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Parkinson Disease

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Parkinson disease is a condition that is progressive and leads to the loss of nerve cells in the brain. However, the main cause of PD is not known. Most of the explanations given of symptoms of people suffering from PD are by cells being lost that has the neurotransmitter known as dopamine. This is a chemical that nerve cells release in order to communicate with other nerve cells. It has a number of functions in the brain that are important like playing roles that are important in behavior, movement that is voluntary, cognition, learning and working memory. This paper will look at the pathophysiology and pharmacology of Parkinson disease.

Pathophysiology of Parkinson Disease

Tremors, movements that are slow (bradykinesia), rigidity of the muscle, abnormalities in postures, speech that is unclear or difficult (dysarthria), difficulty in swallowing (dysphagia), and cognitive abnormalities are symptoms that manifest PD. As a result, there is a part of the brain known as substantia nigra that starts to degrade. The degradation leads the loose of neurons by substantia nigra that produce dopamine which is a neurotransmitter that is inhibitory that is needed for muscle movements that happen normally (Magrinelli, Picelli, Tocco, Federico, Roncari, Smania & Tamburin, 2 016). As the neurons that produce dopamine degrade, excitatory (cholinergic) neurotransmitters will have more room of being active and lead to tremors, rigidity in the muscles and other dysfunctions of the muscles that are related to Parkinson disease (Huether & McCance, 2012). This is why Mr. Drew felt rigidity in his wrists, limitations in seeing, and tremor in his right arm.

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The hallmark that is pathological of Parkinson disease is of neurons known as dopaminergic that are degenerated in the substantia nigra pars compacta that results in striatal dopamine depletion. The inhibitory and excitatory outflow is regulated by the transmitter of the basal ganglia.

Some neurons that are surviving contain Lewy bodies or eosinophilic intracytoplasmic inclusions that are in part made of many proteins. The accumulation of proteins is speculated by some to play a function that is prominent in the pathogenesis of both sporadic PD and familial. Also, the way that proteins appear in the Lewy bodies tends to give support to the notions. Lewy bodies appear as a representation of the aftermath of the underlying pathology. There is evidence that the inclusions that are intracytoplasmic do not appear to cells and at times can be cytoprotective (Weintraub, Comella & Horn, 2008). Neurodegeneration of the nigra pars compacta can be present in the absence of neurodegeneration. However, the presence of Lewy bodies is needed for confirmation that is pathologic of a diagnosis that is clinical of iPD.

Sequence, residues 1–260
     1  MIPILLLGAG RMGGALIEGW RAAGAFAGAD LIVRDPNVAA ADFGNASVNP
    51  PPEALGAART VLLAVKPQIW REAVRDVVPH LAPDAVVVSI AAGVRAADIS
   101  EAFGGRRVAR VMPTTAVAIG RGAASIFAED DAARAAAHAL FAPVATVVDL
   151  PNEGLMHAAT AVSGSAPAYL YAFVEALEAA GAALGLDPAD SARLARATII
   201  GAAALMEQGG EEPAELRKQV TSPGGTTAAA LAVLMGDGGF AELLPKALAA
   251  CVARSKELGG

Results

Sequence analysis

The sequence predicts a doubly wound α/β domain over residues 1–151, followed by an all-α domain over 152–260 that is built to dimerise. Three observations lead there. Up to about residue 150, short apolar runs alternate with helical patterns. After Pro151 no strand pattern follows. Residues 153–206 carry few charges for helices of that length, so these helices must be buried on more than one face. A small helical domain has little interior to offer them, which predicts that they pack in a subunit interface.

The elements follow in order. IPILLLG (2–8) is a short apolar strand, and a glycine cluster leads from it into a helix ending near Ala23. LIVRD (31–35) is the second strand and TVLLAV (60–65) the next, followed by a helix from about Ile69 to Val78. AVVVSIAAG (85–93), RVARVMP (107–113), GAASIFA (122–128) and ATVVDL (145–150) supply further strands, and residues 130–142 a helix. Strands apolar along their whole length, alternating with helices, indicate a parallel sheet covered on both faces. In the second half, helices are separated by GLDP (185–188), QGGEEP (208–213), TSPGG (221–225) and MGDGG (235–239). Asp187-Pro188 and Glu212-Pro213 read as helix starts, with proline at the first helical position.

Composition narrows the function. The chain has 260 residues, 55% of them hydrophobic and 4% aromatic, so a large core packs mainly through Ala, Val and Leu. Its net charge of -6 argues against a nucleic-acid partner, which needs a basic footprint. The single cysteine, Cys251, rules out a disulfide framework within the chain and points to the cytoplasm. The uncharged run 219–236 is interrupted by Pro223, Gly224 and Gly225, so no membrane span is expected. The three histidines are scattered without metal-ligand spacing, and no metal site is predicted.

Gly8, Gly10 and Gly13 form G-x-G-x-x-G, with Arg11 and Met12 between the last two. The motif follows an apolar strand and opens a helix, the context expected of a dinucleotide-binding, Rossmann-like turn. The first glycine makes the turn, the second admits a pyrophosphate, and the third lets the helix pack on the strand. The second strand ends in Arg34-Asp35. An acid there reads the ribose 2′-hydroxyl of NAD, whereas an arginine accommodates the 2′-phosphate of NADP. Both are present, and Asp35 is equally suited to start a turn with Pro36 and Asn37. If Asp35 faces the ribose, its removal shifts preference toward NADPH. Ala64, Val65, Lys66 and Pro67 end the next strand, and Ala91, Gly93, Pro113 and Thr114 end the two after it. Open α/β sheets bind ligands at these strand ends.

The process of neurodegenerative in PD is not limited to the nigra pars compacta, the loss of neurons with Lewy body formation also takes place in other regions of the brain. This can account for features that are both motor and nonmotor of the disease.

Pharmacology of Parkinson Disease

  • L-dopa

In the brain, degeneration in the basal ganglia of Parkinson disease mostly has effects on dopaminergic neurons in the substantia nigra and leads to a deficiency of dopamine. L-dopa that is exogenous replacing deficient neurotransmitter that is endogenous. Dopaminergic neurons take up L-dopa that are remaining where it goes through the terminal being decarboxylation that is presynaptic to form dopamine (Lindgren et al., 2010).

Normally L-dopa is combined with carbidopa or benserazide. The two are not able to cross the barrier of the blood in the brain but inhibits the L-dopa conversion to dopamine peripherally through aromatic acid decarboxylase enzyme being blocked that leads to the reaction being catalyzed. This leads to the adverse effects of dopaminergic being reduced, the amplification of central delivery and reduction of the dosage of L-dopa. L-dopa is a drug that is effective in treating Parkinson disease. This is because the drug is tolerated in a good manner and the side effects especially the symptoms that are psychiatric, orthostatic hypotension and nausea are limited. Some of the side effects of L-dopa include dizziness or an onset of sleep that is sudden, activation of malignant melanoma, hepatotoxicity and hemolytic anemia (Vallerand et al., 2013). L-dopa increases the levels of brain noradrenaline which in return reduces vigilance and impairment in sleep.

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  • Dopamine agonists

The drugs that belong to this class are able to act in a direct way on dopamine receptors and their classification is into ergot derivates and non-ergolines. The ergot derivates include lisuride, bromocriptine, cabergoline, and pergolide while the non-ergolines include ropinirole, apomorphine and pramipexole (Borovac, 2016).
Dopamine agonists have a duration of actions that are long that mimics the release of physiological tonic of action closely from nigral neurons that are normal and may help in the prevention or reduction of motor fluctuations. In practice that is clinical, there have been findings that dopamine agonists are efficacious in Parkinson disease. These are mostly used as therapy that is adjunctive to L-dopa after a person has hadcomplications that are connected to motor have developed but in some cases may be taken as monotherapy before the start of L-dopa especially in patients that are young (Borovac, 2016).

Nausea is a side effect that is common of dopamine agonists because of the area in the medulla, postrema, being stimulated which is a region that is not inside the barrier of the blood-brain. Also, the peripherally that is acting dopamine antagonist domperidone may increase the symptom of parkinsonian. Another side effect includes hallucination.

  • Amantadine